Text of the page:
Welcome to the June edition of Pick 'N Mix, my monthly annotated list of bite-sized items that have caught my eye recently.
- Art fair season is upon us, though many collectors and curators seem to lament the lack of desirable objects to purchase, even at one of the biggest of them all, Art Basel: ""We don't buy much at the fair,'' said Todd Levin, who oversees the $100 million Sender Collection from New York, in a telephone interview. "Art fairs have morphed into a 'fairorama' and consumer paradise or hell that is not conducive to spending time to investigate a work.''"
- Cynthia Beth Rubin adroitly notes on the iDC mailing list that there is in fact, plenty of quality work to collect, there is simply perhaps not enough that is 'on trend'. Rubin writes: "We know that we live in a curated time, a time in which the interest comes not from the artists but from those who envision and organize exhibits around conceptual movements that they either identify or invent (who knows?). If work falls outside of the parameters of the curatorial mission, then it is not shown. If work is too similar to already selected work, it is not shown. But if work goes too long without being shown, it fall out of view of the curators, and it is difficult to resurrect it." Rubin is reacting to this article in the New York Times, about the hot (or not, if you are an ambitious collector?) market at Art Basel.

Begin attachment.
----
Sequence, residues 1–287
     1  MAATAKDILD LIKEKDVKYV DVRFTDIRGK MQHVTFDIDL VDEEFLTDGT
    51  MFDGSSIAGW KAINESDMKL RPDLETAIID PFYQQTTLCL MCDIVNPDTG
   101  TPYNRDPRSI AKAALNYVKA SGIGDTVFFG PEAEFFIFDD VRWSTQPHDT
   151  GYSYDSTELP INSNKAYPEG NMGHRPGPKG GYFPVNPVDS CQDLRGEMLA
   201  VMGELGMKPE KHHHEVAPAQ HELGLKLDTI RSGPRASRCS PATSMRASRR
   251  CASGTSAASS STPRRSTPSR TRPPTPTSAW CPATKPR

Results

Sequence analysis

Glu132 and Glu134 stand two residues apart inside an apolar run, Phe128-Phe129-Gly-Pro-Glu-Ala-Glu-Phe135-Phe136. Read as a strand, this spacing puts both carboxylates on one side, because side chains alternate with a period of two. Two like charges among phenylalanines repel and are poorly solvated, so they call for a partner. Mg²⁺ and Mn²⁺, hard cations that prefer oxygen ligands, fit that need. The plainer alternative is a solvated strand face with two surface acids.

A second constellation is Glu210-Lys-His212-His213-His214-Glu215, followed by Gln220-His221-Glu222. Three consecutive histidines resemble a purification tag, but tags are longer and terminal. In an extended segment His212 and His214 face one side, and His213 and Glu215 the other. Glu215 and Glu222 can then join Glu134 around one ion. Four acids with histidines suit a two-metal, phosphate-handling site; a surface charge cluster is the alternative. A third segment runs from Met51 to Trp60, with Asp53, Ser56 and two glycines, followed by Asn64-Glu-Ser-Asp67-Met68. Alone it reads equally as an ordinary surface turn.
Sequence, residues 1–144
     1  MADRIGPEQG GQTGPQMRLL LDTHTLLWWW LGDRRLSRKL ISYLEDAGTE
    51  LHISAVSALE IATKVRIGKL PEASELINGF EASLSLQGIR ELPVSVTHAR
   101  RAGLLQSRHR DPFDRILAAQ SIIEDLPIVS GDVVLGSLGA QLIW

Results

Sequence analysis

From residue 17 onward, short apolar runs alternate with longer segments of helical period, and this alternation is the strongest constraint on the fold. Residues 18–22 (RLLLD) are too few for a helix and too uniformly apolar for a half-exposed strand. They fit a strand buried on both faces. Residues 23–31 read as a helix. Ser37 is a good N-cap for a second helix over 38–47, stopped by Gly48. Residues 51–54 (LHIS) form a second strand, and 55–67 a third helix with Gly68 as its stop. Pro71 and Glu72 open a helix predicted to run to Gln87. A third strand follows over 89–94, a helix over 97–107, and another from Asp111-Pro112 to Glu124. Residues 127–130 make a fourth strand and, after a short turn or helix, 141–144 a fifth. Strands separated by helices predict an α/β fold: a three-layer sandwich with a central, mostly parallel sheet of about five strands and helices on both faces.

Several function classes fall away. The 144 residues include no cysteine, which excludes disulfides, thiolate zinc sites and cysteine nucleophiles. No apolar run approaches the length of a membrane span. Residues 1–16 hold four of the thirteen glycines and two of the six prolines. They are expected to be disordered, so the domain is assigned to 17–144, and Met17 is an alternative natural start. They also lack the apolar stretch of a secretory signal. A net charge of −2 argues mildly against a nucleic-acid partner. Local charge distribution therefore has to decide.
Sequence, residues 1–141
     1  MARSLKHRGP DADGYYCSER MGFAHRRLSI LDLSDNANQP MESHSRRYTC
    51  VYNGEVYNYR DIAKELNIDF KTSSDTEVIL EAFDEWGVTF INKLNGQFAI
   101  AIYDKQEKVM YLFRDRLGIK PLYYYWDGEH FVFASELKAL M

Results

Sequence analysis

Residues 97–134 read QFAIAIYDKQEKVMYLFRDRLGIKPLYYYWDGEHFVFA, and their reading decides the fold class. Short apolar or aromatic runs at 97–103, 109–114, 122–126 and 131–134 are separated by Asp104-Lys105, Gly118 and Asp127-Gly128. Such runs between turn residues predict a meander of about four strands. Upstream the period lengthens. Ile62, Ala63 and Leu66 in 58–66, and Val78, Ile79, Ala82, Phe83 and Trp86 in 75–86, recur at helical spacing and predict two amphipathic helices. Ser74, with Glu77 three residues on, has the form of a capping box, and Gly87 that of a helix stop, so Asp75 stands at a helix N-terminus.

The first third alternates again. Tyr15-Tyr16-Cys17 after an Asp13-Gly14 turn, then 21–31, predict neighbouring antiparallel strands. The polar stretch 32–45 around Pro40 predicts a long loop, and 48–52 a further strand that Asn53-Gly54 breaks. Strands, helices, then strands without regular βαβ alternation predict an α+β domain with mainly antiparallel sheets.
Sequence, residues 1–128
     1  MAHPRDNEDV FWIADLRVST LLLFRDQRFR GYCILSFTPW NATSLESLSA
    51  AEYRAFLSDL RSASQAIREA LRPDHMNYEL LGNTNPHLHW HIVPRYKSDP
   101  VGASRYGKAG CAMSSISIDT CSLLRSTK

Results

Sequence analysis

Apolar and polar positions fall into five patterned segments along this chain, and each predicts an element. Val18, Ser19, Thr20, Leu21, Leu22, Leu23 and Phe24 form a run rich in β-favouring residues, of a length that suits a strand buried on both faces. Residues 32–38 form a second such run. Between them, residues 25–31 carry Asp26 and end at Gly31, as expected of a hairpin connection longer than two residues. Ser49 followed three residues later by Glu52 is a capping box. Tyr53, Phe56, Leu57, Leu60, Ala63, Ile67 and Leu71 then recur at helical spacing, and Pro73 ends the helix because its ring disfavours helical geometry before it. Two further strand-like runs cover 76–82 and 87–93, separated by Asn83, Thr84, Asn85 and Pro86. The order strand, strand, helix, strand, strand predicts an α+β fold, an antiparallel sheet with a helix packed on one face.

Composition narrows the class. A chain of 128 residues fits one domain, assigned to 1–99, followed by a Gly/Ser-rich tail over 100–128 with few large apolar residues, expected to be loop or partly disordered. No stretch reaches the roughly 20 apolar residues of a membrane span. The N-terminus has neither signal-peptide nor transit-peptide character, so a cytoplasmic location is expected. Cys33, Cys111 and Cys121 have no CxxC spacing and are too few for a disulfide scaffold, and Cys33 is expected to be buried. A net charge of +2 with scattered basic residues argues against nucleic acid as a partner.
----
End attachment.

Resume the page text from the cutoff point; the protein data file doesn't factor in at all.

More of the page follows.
- The word "curator" is increasingly coming to mean someone whose taste you trust to sift through mountains of blog posts every day, and present you with the golden nuggets (which is a little bit like what I am doing with these "Pick 'N Mix" posts, I suppose). Björn Jeffery at Good Old Trend explains why he believes journalists need to move from being gatekeepers to being "curators" in the this sense: "Imagine an art curator running a gallery for instance. You don’t go to the gallery because you necessarily know the artist exhibiting, but you trust the curator enough to go anyway. You respect his/her taste and choices enough to check it out." Being trustworthy was always part of being a journalist, and now with this expanding definition of curator, journalists are also expected to have taste.
- A rose by another name would smell as sweet, right? Perhaps, but that hasn't stopped the powers that be at the Museum of Television in New York City from renaming it so that it will no longer be known as a museum. “'Museum' was not a word that tests really well with the under-30 and 40-year-olds,” especially in the context of radio and television, Pat Mitchell, the museum's chief executive said. Henceforth, it will be known as the Paley Center for Media, after the late CBS founder William S. Paley.
- And finally, tank.tv has put some interviews with curators from their Fresh Moves project online.